Other copper, and bell beaker settlements from this period include:

Pedra do Ouro (on the coast)

Castro of Zambujal

Pedra do Ouro was on the coast. And, the Castro of Zambujal. The bluff above. Where the bell beaker phenomenon is thought to be started.

Castelo Velho de Freixo de Numão

The Castelo Velho de Freixo de Numão (now a Portugese medevil castle), in Vila Nova de Foz Côa Municipality, was populated from about 3000 to 1300 BC.

Cerro do Castelo de Santa Justa

The Cerro do Castelo de Santa Justa, in Alcoutim, is dated to the 3rd millennium BC, between 2400 and 1900 BC.

Los Millares in SE Spain (south Spain, across from Africa)

Urban communities begin to appear all over Iberia. And during the Iberian chalcolithic bell beaker culture. It had successfully intruded the area.

It is unclear if the large influence of Neolithic cultural originated in the eastern Mediterranean, or fertile crescent region. The question still remains? Even though there are tholos in both. And, similarities in architecture. They both had, fishing hunting. Jewelry; and, commercial commodities. Enough to keep them busy. Even spark a civilizations.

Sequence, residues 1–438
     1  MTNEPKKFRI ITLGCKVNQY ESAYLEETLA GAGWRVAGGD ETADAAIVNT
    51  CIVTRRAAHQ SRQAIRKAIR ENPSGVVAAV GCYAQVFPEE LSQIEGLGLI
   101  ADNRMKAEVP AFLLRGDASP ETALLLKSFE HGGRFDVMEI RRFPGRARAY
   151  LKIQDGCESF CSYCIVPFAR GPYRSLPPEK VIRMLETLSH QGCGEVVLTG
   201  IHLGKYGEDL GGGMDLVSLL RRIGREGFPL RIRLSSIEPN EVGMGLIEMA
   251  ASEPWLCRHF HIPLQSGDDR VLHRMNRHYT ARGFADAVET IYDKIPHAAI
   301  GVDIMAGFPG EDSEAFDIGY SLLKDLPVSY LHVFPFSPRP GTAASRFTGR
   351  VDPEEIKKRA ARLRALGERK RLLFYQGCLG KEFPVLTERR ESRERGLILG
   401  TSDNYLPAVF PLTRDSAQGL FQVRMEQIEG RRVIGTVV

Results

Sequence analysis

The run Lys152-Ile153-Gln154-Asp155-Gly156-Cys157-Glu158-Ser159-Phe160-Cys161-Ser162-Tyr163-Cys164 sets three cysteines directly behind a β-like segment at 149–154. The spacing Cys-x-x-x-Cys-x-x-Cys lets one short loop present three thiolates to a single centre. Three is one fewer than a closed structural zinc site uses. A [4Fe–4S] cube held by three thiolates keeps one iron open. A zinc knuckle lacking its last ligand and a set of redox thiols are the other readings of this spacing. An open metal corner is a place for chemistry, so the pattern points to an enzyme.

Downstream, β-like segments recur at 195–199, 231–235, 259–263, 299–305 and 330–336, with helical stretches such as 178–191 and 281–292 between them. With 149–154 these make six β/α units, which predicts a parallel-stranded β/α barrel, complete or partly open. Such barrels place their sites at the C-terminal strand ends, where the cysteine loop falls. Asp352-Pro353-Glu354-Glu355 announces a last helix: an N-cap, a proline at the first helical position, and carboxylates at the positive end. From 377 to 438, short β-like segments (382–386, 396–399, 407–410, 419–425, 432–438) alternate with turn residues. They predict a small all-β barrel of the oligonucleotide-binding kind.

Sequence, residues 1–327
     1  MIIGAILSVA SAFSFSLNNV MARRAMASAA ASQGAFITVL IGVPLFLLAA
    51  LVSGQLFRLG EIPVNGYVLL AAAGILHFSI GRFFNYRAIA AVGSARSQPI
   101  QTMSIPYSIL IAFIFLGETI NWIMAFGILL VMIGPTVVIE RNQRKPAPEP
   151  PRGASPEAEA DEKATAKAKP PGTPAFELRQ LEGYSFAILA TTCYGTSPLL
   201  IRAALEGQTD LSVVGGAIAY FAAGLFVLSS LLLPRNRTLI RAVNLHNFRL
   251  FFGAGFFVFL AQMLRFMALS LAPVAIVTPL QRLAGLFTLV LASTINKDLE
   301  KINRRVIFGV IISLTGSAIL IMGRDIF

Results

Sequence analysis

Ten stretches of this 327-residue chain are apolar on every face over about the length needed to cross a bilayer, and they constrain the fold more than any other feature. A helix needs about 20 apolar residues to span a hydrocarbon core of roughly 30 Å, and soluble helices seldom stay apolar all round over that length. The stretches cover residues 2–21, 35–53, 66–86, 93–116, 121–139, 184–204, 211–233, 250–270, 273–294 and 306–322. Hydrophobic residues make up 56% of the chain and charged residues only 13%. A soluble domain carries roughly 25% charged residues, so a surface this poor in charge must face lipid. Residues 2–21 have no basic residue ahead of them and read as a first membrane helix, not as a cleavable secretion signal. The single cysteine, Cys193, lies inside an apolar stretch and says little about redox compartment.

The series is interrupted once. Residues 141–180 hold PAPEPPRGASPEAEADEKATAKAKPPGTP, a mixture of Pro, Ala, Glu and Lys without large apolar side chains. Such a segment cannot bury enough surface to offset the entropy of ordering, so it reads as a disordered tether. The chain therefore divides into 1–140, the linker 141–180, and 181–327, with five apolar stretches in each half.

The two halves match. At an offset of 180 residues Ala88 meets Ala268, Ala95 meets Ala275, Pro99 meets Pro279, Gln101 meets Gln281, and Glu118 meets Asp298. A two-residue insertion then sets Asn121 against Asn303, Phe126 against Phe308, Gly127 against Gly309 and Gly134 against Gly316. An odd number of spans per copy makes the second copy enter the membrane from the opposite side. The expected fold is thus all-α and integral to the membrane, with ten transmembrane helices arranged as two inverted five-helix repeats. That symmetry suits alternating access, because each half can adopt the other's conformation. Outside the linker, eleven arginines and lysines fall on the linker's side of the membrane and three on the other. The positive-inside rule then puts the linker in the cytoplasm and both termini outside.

Overall, neolithic; and, copper bell beaker Iberia was a period of great cultural and technological diversity, characterized by the emergence and disappearance of numerous civilizations and cultures. Leaving behind a rich and varied archaeological legacy.

Bibliography: Menéndez, Mario (2019). Prehistoria de la Península Ibérica : el progreso de la cognición, el mestizaje y las desigualdades durante más de un millón de años ( Madrid: Alianza Editorial. pp. 17–37. ISBN 978-84-9181-602-7. OCLC 1120111673 (

Lucinda Canelas and Marta Portocarrero (8 August 2012). “Estatuetas descobertas no Alentejo têm 4500 anos e cabem na palma da mão” ( Público (in Portuguese).

F. Jordá Cerdá et al., Historia de España I: Prehistoria, 1986. ISBN 84-249-1015-X